Kansas: The Jayhawks are reloaded and will be looking to defend their regular-season and tournament titles in 2016–17. Once again stacked with some of the country’s best talent and a fair amount of depth, Self’s KU team again has the makings of a conference favorite and national title contender.
Kansas State: K-State finished near the bottom of the league standings last season, mustering only five conference wins, and it’s going to be a difficult ask for much more this season. Last year’s leading scorer Justin Edwards graduated, leaving senior forward Wesley Iwundu as the Wildcats’ only returning player who averaged double-digit scoring. Coach Bruce Weber is going to have his hands full.
Oklahoma: Oklahoma no longer has All-America Buddy Hield or fellow senior playmaker Isaiah Cousins or big man Ryan Spangler, but the Sooners will still tout a talented starting five. Senior guard Jordan Woodard, who was second on the team in scoring last season, returns, as does junior big man Khadeem Lattin. OU will also bring in two four-star recruits in shooting guard Kameron McGusty and Kristian Doolittle. Expect Oklahoma to push Kansas for the title.
Oklahoma State: The Cowboys finished with a dismal three wins in conference play last season as Big 12 Freshman of the Year Jawun Evans was left to fend for himself. Evans, who missed his final nine games to an injury, led all Cowboys with 12.9 points a game. Pokes fans should see a bit of a turnaround in 2016–17 under new coach Brad Underwood, but this is still no better than a .500 team.
TCU: Resident bottom-dweller TCU is coming off a frustrating season in which it won just two conference games and only one true road game, but it might have had the biggest victory of any team this off-season with the hiring of veteran head coach Jamie Dixon. The 2008–09 Naismith College Coach of the Year, Dixon brings a notable and respected name to Fort Worth for a team that hasn’t reached the NCAA tournament since 1998. The opportunity is there, but a turnaround won’t be easy and it won’t be quick, especially not after leading scorer Chauncey Collins departed the program in May and left the Horned Frogs with a roster of just nine scholarship players.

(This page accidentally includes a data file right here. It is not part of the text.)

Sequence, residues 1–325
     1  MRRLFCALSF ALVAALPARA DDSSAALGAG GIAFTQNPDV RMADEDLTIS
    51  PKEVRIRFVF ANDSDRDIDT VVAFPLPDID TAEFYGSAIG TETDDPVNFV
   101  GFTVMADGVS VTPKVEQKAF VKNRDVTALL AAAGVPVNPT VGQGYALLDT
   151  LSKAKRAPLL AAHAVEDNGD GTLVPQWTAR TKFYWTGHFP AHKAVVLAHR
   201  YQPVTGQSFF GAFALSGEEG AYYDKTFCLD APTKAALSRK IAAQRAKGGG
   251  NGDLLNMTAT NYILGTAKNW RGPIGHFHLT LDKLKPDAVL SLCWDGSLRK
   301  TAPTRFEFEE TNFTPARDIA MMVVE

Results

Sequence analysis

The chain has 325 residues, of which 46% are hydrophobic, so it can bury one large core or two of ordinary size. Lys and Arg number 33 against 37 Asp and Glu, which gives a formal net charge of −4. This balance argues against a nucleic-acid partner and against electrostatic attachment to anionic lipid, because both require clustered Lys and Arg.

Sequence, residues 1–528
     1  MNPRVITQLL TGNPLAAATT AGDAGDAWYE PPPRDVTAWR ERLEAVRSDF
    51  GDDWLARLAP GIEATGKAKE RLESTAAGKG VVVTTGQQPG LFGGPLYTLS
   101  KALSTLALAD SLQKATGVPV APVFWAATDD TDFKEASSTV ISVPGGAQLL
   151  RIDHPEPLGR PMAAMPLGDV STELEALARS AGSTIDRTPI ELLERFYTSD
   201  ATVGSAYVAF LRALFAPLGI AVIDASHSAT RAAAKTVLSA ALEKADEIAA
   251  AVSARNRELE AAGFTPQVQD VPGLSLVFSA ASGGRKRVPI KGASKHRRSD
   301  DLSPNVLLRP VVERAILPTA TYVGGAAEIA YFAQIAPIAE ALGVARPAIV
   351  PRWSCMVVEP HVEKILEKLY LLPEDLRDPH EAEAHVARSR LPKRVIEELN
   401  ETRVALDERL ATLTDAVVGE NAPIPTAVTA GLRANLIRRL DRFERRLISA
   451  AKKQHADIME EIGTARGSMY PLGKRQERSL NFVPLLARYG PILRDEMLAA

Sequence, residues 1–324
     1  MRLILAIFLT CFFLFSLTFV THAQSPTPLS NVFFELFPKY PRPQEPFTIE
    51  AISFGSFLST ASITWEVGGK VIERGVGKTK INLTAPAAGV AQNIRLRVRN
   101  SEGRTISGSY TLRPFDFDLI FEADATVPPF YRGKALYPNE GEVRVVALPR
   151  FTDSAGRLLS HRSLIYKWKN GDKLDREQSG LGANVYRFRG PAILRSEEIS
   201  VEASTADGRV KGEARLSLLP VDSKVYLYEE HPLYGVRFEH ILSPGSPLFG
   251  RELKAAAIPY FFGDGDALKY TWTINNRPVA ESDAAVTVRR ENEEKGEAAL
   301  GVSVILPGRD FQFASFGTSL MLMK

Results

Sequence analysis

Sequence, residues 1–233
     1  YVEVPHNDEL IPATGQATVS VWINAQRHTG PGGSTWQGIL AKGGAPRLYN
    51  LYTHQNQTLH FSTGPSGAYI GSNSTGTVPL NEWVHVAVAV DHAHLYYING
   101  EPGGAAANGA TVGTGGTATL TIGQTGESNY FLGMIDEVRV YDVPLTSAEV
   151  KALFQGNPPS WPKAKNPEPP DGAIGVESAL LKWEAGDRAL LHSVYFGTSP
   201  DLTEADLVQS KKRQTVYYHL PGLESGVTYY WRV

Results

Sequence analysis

Texas: The Longhorns lose a massive amount of scoring and veteran play from last season, including its top three scorers in Isaiah Taylor, Cameron Ridley and Javan Felix, as well as Big 12 Defensive Player of the Year Prince Ibeh. Sophomores Kerwin Roach Jr. and Eric Davis Jr. return after solid freshman campaigns, and Texas does have one five-star and two four-star recruits coming to Austin, but the amount of talent and leadership it lost won’t be easy to overcome in the early going.
Texas Tech: Despite Tubby Smith earning Big 12 Coach of the Year honors last year, not one of Smith’s players earned an All-Conference nod on a team that finished just .500. The Red Raiders and new head coach Chris Beard face a tall task in 2016–17 as well after losing their top two scorers from last season, Toddrick Gotcher and Devaugntah Williams, to graduation. TTU does add Quinnipiac grad transfer Giovanni McLean, who averaged 12.9 points per game for the Bobcats, but Beard, the former longtime Texas Tech assistant who takes over after one year at Little Rock, will have to hope his team overachieves if it wants to hit that .500 plateau again.
West Virginia: Before being upset by Stephen F. Austin in the first round of the NCAA tournament, West Virginia had a wildly successful year, finishing second in the Big 12 regular season and runner-up in the Big 12 title game. The losses of Jaysean Paige and Devin Williams are huge, but this is still a team capable of competing with anyone thanks to its trademark press defense. The Mountaineers may indeed compete for another shot at the conference title this season, but they’ll need big-time production out of junior guards Jevon Carter and Daxter Miles Jr.